The one-two punch of the New Republic article with amplified "Ron Paul Newsletter" quotes, Paul's tepid response, combined with his underachieving performance in New Hampshire has knocked Ron Paul to the mat and down for the count.
Andrew Sullivan at The Daily Dish nets out "Ron Paul's New Hampshire Defeat":
Justin Gardner at Donklephant asks "Is the Revolution Over?":
"If Paul cannot win or even beat Giuliani in New Hampshire, his most promising state, then what hope does he have? His ads sucked... But the freedom movement he helped galvanize is much more than one man. And if we enter a second Clinton era, we will need it as much as ever."
Shaun Mullen at The Moderate Voice thinks "It’s Time For Ron Paul to Go Bye-Bye":
" ...he’ll start losing supporters after today because of the combination of his loss and that story, but that muckraking probably only lost him a few hundred people tops in the Granite State. Still not enough to think he could have climbed to 4th. And folks, when you finish with 8% of the vote in the state with the biggest concentration of independents, well, it’s time to rethink whether or not you should be in the race. New Hampshire is tailor made for a Libertarian message, and it just didn’t resonate last night."
Dave Weigel at Reason explains "Why Ron lost" but also summarizes what Ron Paul begat:
"...everyone’s favorite GOP oddball – that is except within the Republican Party itself – tanked in the Iowa caucus, finishing a distant fifth and besting only Mr. 9/11, who had skipped the state altogether. Then one of the archeologists digging into Paul’s quixotic background struck a mother lode with the discovery that his campaign newsletters in the early 1990s were filled with bigoted statements... A particular peeve of mine is national candidates who stand zero chance of being elected but stay in a race. While Paul stands for some things that I agree with in the abstract, he couldn’t get elected dog catcher and knows it."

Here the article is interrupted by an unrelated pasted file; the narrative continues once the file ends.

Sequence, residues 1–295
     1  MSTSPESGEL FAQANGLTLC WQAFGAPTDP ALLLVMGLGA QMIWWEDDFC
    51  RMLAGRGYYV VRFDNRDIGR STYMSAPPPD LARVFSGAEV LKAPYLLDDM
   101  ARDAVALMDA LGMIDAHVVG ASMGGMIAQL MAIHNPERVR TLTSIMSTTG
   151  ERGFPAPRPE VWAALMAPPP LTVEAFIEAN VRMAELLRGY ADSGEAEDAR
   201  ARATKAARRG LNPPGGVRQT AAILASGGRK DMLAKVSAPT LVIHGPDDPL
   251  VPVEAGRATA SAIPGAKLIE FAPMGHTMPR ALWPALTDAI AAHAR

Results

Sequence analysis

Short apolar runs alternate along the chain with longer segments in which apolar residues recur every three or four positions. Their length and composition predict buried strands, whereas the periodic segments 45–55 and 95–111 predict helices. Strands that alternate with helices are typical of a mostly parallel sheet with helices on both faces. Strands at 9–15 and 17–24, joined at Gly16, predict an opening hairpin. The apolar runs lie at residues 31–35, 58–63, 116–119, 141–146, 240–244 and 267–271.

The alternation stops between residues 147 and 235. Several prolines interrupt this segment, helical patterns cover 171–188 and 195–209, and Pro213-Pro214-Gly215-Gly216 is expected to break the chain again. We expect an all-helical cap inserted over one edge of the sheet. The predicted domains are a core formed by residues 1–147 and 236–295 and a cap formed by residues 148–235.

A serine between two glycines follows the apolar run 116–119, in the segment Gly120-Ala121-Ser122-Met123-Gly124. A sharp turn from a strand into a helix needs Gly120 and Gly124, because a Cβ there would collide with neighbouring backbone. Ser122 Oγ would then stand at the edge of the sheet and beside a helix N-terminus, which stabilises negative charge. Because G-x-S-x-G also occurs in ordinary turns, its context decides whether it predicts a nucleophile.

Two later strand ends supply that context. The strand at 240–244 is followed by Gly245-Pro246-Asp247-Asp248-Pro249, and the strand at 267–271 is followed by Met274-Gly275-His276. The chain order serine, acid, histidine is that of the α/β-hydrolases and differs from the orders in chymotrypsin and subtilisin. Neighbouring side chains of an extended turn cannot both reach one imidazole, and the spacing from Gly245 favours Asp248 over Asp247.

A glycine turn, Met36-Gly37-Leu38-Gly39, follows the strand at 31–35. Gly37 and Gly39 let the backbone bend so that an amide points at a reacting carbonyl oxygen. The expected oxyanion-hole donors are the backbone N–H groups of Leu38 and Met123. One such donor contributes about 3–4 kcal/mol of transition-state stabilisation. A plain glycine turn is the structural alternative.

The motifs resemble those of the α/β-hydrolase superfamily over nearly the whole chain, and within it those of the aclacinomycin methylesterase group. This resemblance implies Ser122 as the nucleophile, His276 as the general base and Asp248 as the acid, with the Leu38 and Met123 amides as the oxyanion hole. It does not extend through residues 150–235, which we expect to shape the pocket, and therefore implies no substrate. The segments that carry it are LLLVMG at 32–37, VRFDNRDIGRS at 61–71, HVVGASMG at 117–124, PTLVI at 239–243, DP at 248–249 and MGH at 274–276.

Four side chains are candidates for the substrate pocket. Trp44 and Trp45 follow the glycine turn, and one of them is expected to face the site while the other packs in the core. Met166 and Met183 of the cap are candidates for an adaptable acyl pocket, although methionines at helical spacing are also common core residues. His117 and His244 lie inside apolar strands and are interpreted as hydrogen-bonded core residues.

These writers are prone to be sympathetic to Ron Paul. As am I. New Hampshire was the high water mark for Dr. Paul, for all the reasons they mention. Bottom line, Ron Paul is a fatally flawed candidate. Now, I am a Paul supporter, I sent him some money, I may send him some more, and I am certainly going to vote for him in the California primary. I'd like to see Paul stick it out through super Tuesday - if only to see whether his constituency can be organized into something that can be politically effective in the post-Ron Paul era (which started last night). Along those lines, I have a suggestion for Dave Weigel and other Ron Paul supporters about "what they're celebrating", and what the Freedom movement can do while looking for the right candidate to support.
"Throughout the evening, I heard a common theme: that the freedom movement has to be bigger than one congressman with a past that keeps climbing up out of the mud to drag him down. Days before the votes came in I hung around outside Murphy's Taproom, the de facto Ron Paul bar in Manchester, and heard college kids and just-out-of college types excitedly talking about what would happen when... Paul didn't win. "Dr. Paul wouldn't want us to give up if we lose this election," said Drew Rushford, excitedly talking with two other out-of-state supporters. "If we give up, then we never supported him at all." So Lew Moore was right -- The Paul party was as exuberant as most victory parties. We just don't know yet what they're celebrating, and neither do they."